- Product history. If you manufacture products is there information you need to keep for product tractability or warranty claims. Do some analysis of the typical life span of your products and work out if there is a window of how much data you need to have accessible. Dynamics AX doesn’t have a core warranty module but partners and customers have extended AX to include these features so consider what you need to migrate or extract into a data warehouse for analysis.
- Inventory and warehouse. You will take on inventory balances into the new systems. It’s un-likely you need a history of inventory movements in details. There are times when for example you ship by sea, travel is long so stock could be on the water in the time you convert over to the new system. If there is a shipping discrepancy the inventory and warehouse team might need to do some analysis. If you do this type of analysis this might mean you need to keep the legacy system up and running for the next 60-90 days and let a limited number of users access it.
- Projects. Some services or internal projects could go for a long time. Likely you want to bill and close out project in the legacy system and bring on WIP balances. But this might mean you have history in the project you want to do analysis over the life time of the project so you might need to consider which project you want to keep some data for.
- Expenses. Likely will want to pay and clean up credit card statements before you convert to the new system. If you do expense analysis you might want to extra a summary of previous expense to compare history in the future. To avoid importing them into the new system keep them in a data warehouse and use tools PowerBI to do analysis of the old data and the new data you accumulate in the new system.
You will have to do some analysis in the country that you operate in to work out what you need to keep for tax purposes. One option is to keep the whole system if you can. For example use a virtual machine. By using a virtual machine you can move a full operating environment into something that would turned off and started in the future if you need to access the data.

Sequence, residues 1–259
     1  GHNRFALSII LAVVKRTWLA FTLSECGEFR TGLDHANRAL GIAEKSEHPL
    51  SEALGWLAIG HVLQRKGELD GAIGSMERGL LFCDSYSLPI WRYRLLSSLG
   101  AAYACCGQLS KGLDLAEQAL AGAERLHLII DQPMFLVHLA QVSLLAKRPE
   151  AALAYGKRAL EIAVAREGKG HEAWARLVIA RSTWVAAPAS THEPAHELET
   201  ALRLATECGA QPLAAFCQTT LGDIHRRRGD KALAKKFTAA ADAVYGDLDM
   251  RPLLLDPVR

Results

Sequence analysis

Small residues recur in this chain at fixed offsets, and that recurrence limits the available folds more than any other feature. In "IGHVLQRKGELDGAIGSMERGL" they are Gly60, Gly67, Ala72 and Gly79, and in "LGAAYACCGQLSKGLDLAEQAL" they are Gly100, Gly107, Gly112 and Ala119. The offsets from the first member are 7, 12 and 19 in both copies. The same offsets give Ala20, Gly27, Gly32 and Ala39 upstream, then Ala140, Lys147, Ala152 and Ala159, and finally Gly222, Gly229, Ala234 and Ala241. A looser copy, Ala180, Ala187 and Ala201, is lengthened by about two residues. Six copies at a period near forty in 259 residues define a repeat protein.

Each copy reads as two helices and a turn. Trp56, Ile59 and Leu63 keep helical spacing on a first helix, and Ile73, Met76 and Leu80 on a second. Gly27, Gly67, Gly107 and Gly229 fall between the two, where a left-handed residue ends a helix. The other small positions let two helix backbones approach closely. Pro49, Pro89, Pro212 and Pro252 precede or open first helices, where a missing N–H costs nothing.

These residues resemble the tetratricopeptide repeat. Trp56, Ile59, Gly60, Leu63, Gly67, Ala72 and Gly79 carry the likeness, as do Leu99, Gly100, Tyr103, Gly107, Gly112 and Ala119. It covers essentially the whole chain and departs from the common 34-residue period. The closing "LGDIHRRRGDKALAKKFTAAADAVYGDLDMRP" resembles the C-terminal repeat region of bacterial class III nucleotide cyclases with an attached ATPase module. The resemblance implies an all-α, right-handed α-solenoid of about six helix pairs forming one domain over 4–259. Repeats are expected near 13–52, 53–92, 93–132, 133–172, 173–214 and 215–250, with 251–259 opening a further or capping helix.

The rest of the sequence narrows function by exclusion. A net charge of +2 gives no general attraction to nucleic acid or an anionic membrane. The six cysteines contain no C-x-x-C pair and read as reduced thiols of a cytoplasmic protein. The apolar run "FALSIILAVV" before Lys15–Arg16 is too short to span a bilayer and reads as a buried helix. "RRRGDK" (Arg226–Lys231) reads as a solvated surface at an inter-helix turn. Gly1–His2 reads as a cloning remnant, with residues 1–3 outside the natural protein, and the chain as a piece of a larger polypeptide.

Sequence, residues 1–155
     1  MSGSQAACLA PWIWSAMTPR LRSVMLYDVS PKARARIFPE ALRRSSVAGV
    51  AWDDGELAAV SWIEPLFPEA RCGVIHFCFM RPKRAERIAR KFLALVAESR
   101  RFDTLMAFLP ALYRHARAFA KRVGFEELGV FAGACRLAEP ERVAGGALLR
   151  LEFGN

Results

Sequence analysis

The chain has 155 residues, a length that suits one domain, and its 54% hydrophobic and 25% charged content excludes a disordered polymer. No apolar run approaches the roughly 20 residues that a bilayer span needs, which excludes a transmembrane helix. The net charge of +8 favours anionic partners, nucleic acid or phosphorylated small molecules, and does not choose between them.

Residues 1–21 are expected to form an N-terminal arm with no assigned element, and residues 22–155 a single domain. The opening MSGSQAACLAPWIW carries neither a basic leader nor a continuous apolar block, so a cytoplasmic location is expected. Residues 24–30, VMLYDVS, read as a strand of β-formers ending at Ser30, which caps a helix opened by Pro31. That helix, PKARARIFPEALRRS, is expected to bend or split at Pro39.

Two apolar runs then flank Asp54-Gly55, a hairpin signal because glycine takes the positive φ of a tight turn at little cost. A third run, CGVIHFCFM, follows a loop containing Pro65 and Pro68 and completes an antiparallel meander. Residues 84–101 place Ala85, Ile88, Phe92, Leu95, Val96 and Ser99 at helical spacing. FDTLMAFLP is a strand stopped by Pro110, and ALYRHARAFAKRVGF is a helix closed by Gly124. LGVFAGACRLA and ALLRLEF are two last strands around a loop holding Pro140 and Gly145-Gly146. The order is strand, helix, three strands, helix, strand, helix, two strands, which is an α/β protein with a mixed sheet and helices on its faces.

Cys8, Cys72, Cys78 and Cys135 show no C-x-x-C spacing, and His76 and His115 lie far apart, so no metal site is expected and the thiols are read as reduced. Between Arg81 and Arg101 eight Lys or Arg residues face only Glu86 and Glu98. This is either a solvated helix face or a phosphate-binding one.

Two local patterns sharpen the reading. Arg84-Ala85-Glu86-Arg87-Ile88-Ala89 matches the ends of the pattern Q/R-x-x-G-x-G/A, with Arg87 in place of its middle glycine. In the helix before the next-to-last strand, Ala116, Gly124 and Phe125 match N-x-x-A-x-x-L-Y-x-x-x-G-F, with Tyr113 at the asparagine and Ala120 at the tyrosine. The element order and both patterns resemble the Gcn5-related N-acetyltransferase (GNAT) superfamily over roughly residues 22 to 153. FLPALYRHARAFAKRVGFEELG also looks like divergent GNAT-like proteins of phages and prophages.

For example if you just keep the database then you also have to keep the database software to be able to access the DB. Then the database software has to run on an operating system that the DB software supports. If you don’t maintain all this software then you aren’t going to be able to get into the data even if you keep it. This strategy will work if you are running a legacy system running on Windows or Unix/Linux but if you are running something exotic like a mainframe system that is dependent on some special hardware then you might need to do some investigation on options.
A virtual machine is a good option because you can also install the legacy application instead of just keeping the DB and have access to the tools in that application. If you keep the legacy system also keep the documentation and keep it archived electronically on the VM as well because you are likely to have to train someone in the future if you need to access the application.
Remember security if you build a VM. If the application and database has logins then you need to keep a list of those logins.
The main thing to keep in mind is do as much analysis as you can to avoid trying to migrate old data into the new system as you are going to spend a long time extracting, transforming, mapping and importing into the new system. If you are not going to use the data it will be a waste of time for the implementation team.